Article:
Guns, as I’m sure you know, are often used in self-defense. The NRA says 2 million times a year; the NRA’s opponents say the number is closer to 67,000. Either way, that’s a lot of people protecting themselves. But who benefits from learning how to strangle an enemy in a toilet while playing Manhunt?

Mr. Bezos, we do not dispute Amazon’s right to sell any of these items, but as staunch defenders of the Second Amendment, we would like to know how Amazon made this decision: Selling legal guns and ammo to adults, no; selling vicious, sadistic torture and murder depictions to adolescents, yes. What is your thinking?

Bezos thanked Cooper for his point of view, said he would keep it in mind, and otherwise ignored the question.

Other shareholders, however, stepped up.

As reported by CNET.com, “But when two other shareholders followed up with questions about violent products, Bezos responded that the company wants to improve its policing of controversial content. But he said it can’t come prior to the products, offered by third-party sellers on Amazon.com, hitting the marketplace. ‘It needs to be self-service,’ he said of the marketplace. ‘If it was gated, that would be throwing the baby out with the bathwater.'”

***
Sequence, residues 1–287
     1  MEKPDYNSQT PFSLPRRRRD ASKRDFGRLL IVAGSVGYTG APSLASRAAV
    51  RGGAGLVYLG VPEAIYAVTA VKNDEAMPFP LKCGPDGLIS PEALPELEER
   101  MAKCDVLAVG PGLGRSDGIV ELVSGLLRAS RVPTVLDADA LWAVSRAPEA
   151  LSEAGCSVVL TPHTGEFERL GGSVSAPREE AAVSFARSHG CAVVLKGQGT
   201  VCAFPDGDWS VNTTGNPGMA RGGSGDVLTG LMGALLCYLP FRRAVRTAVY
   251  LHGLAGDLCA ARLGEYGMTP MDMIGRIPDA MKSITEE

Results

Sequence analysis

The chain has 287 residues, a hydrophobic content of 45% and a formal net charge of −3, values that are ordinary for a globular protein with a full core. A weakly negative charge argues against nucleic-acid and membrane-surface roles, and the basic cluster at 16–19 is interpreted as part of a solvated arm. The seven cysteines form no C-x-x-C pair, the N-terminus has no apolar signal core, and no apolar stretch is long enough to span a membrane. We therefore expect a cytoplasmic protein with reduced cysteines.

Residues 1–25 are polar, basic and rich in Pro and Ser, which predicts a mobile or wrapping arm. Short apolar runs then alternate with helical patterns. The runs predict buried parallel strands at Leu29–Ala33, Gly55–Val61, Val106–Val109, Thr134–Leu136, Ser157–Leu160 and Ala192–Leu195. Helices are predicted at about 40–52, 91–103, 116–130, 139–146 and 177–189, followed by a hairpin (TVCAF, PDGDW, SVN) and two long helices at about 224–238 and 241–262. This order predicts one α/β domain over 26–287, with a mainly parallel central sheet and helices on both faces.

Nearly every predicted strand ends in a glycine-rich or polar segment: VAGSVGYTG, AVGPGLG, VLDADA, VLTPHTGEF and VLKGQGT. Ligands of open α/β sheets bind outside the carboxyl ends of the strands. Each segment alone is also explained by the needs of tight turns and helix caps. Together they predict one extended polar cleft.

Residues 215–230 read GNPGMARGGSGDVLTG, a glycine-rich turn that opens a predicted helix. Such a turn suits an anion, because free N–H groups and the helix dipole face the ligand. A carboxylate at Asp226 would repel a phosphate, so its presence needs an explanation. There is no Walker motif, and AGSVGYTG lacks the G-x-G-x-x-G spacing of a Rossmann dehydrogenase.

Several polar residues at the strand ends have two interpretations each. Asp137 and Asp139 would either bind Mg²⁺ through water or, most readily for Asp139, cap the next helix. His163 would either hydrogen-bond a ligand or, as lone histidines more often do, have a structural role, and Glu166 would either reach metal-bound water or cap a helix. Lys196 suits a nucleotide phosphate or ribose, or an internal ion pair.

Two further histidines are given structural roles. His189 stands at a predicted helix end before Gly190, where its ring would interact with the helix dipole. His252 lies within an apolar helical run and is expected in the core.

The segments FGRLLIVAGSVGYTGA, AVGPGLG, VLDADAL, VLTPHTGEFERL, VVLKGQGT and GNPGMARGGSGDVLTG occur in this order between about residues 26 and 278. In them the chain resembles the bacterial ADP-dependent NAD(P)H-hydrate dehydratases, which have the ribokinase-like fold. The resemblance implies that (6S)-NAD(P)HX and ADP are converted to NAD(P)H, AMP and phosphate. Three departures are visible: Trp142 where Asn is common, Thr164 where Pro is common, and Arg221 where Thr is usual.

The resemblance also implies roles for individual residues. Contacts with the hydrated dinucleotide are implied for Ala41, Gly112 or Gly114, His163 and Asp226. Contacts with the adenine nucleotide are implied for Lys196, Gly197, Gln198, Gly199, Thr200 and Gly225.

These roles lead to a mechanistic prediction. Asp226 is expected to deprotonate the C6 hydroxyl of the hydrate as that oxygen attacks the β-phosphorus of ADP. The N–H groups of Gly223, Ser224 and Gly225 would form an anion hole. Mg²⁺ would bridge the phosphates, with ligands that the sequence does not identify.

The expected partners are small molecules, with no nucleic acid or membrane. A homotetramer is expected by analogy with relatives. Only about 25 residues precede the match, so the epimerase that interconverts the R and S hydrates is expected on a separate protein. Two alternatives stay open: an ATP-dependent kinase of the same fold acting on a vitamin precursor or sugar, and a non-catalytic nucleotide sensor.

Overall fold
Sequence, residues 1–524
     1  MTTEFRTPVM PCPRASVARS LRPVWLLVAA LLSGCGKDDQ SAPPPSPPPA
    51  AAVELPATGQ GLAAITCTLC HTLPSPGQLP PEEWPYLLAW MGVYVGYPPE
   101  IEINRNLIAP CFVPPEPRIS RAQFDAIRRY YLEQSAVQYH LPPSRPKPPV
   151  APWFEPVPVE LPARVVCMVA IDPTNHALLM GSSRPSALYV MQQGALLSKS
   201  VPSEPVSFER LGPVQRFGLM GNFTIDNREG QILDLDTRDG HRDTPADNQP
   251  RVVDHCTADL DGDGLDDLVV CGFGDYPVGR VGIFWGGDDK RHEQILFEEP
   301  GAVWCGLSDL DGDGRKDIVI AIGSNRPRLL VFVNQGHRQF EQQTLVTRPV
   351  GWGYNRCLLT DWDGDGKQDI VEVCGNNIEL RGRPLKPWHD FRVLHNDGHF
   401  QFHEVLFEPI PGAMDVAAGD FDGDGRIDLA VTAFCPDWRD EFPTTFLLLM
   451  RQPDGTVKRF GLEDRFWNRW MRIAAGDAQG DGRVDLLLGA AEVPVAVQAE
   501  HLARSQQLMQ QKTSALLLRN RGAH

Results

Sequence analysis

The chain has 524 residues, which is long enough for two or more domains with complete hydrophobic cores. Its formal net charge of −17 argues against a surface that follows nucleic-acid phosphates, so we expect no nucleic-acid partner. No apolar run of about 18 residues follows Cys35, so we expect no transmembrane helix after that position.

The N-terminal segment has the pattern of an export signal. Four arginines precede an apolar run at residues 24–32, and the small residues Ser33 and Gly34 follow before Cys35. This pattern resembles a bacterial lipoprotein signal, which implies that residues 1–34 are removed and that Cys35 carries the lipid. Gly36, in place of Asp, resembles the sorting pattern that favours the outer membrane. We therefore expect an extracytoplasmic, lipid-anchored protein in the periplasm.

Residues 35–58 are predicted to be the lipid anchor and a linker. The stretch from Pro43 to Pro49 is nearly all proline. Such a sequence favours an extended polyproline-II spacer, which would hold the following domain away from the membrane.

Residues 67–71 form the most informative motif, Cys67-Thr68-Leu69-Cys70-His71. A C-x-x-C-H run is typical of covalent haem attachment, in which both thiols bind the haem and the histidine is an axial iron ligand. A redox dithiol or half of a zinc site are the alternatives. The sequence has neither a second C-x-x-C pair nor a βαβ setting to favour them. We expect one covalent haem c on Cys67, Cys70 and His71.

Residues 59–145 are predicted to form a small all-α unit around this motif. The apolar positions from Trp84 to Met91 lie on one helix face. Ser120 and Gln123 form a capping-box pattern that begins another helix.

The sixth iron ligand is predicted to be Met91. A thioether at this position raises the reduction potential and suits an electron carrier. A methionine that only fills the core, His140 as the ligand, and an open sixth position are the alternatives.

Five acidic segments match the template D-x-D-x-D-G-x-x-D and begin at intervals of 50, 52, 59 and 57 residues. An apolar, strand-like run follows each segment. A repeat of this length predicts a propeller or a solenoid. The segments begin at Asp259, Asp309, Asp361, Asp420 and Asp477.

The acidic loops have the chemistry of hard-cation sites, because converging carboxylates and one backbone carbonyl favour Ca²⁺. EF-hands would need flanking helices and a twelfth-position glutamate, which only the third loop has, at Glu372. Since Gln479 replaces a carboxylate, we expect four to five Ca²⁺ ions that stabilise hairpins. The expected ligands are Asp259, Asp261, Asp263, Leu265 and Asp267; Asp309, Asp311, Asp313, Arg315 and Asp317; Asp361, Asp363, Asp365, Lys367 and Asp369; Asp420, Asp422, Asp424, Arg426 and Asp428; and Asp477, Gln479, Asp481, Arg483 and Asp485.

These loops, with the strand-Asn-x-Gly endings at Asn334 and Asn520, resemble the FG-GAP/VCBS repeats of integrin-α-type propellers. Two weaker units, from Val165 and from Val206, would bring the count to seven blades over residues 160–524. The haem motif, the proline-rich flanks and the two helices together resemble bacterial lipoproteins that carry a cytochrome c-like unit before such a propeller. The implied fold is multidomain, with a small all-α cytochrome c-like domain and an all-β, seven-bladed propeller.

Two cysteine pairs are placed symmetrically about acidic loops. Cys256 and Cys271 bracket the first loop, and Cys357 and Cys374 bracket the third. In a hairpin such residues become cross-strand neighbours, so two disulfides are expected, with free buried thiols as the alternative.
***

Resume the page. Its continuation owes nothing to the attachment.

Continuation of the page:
Geekwire continues the story:

‘We have millions of millions of items,’ [Bezos] said. ‘It’s a difficult technical challenge, it’s a difficult organizational challenge to police those items.’ He promised that the company will continue working on it with the goal of making its processes ‘statistically indistinguishable from perfection.’

Unlike the labor protests faced by the company last year, the questions did not appear to be an organized effort. The third time around, a shareholder asked Bezos for the specific steps to be taken by the company. ‘Parents cannot always control what their children are doing, and I think that you hold some responsibility for this.’

Bezos pointed out the parental control features in the Kindle Fire tablets, including the ‘Free Time’ feature that lets parents control what their kids watch and listen to.

And then he told a personal story about hosting a sleepover for one of his four kids. He collected all the electronic devices before they went up to their rooms. One of the kids asked if he could keep his Kindle.
‘E Ink or Fire?’ Bezos asked him. It was E Ink, so Bezos let him keep it. ‘If he had said Fire I’d have said no,’ he said.

He concluded, ‘Policing different content … people have a lot of different opinions and what is appropriate content, what is inappropriate. This is going to be an ongoing challenge for us, and we’ll do the best we can.’

Bezos did not, however, comment on Amazon.com’s policy regarding guns, gun parts and ammunition. Nor did he actually say that Amazon.com would remove any of the most violent games or movies once it reached “statistical perfection.”

The meeting took place May 23 in Seattle.

The National Center has challenged CEOs at 30 shareholder meetings so far this year.